Most of the well-wishers soon lost track of the Milwaukee Clipper. Her new owner, Chicago businessman James W. Gillon, aimed to see her cruise the Great Lakes once more. The ship was taken to Sturgeon Bay, Wisconsin, for repair. “Milwaukee” was dropped from its name, and Gillon moved forward with plans for employing the S.S. Clipper in three-hour excursions out of Chicago.
But things didn’t go as Mr. Gillon hoped, and in 1990, the ship went up for bid at a federal auction in Chicago. The Hammond Port Authority, in Hammond, Indiana, purchased it for $335,000. The Milwaukee Clipper name was restored, and the boat was used as the city marina clubhouse.
Yet, the Clipper’s journey hardly was over. Empress Casinos of Joliet, Illinois, approached the Hammond Port Authority in 1996 seeking to use their dock for a different boat that would serve as a casino. The authority agreed, and the Milwaukee Clipper was moved to the Calumet River where it languished by the coal docks, up for sale.
A floating showcase of the designs of the day, the Milwaukee Clipper met every need.
During its years of relocation, re-purpose and ownership, a group of Muskegon citizens with an interest in the ship began organizing an effort to bring the Milwaukee Clipper home. Local businessman Jim Plant, filmmaker Mark Howell, Captain Priefer and Peggy White, a local business owner and media celebrity, formed The Friends of the Clipper, and later, in 1997, the nonprofit Great Lakes Clipper Preservation Association. They traveled to the Indiana South Shore to persuade the ship’s owners they had a plan and would care for the historic vessel.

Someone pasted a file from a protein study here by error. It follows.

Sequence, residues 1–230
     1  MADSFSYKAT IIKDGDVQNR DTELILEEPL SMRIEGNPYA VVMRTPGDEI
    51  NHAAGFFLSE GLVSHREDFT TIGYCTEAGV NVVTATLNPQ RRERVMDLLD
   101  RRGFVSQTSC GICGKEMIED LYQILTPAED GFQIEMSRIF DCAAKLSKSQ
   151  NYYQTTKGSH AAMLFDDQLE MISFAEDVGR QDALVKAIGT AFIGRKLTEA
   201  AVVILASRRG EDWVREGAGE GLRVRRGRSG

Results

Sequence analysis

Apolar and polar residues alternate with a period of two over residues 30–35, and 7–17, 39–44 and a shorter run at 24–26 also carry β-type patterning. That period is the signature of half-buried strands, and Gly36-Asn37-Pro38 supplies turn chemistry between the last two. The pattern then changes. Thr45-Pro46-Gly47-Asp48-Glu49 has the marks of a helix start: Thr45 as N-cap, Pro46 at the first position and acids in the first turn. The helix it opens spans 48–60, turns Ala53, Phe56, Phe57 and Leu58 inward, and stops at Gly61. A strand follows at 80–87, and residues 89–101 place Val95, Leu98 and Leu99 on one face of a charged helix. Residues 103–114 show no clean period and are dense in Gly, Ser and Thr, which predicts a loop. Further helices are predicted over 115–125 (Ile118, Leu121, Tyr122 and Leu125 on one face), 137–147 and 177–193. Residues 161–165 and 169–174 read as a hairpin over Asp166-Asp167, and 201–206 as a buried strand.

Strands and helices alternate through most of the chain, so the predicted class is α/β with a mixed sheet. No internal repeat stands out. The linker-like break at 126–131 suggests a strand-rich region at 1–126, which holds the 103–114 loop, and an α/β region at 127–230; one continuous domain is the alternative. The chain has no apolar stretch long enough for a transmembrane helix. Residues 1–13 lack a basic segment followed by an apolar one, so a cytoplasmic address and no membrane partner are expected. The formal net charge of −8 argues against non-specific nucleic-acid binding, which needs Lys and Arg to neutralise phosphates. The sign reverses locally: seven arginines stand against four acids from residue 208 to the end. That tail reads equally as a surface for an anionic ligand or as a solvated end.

“We had to convince them that we would be good stewards,” Plant recalls.
Despite the threat of sale to other parties, including scrap dealers and a convoluted odyssey of meetings, inspections and fund raising, the group achieved their goal. Empress Casinos agreed to reimburse the port authority for the auction price it paid and cover the cost of bringing the ship back to Muskegon. The agreement also required a cash outlay from the preservation group.
“Great Lakes Clipper Preservation Inc. bought the ship from the Hammond Port Authority for $1, which I handed them from my pocket,” Plant said.
And at 3:15 p.m. December 2, 1997, the Milwaukee Clipper once again entered the Muskegon channel. Ferried out to the Clipper as it approached the breakwater, 75-year-old Robert Priefer climbed aboard via a hanging ladder and was again at the helm of the boat he had first boarded as a teenager. It was a foggy day, something Priefer found remarkable.
“I’d never seen fog in December on Lake Michigan,” he said. As the ship cautiously maneuvered past the Muskegon foghorn in the care of the tug John Purves, an ancient affirmation appeared. “The fog parted and there was a rainbow,” Priefer recalls with a lift in his voice.
The Clipper today is a Muskegon tourism headliner. Restoring her required more than 60,000 volunteer hours by supporters. Now titled The S.S. Milwaukee Clipper Preservation, Inc., the group’s annual auction and brunch at the Muskegon Country Club is a key fundraiser for the ship. Funding also is generated by sale of the book “The S.S. Milwaukee Clipper: An Illustrated History,” which can be ordered on its website.
Patrice Frantz is a self-proclaimed “lake girl” and author who lives in Grand Haven.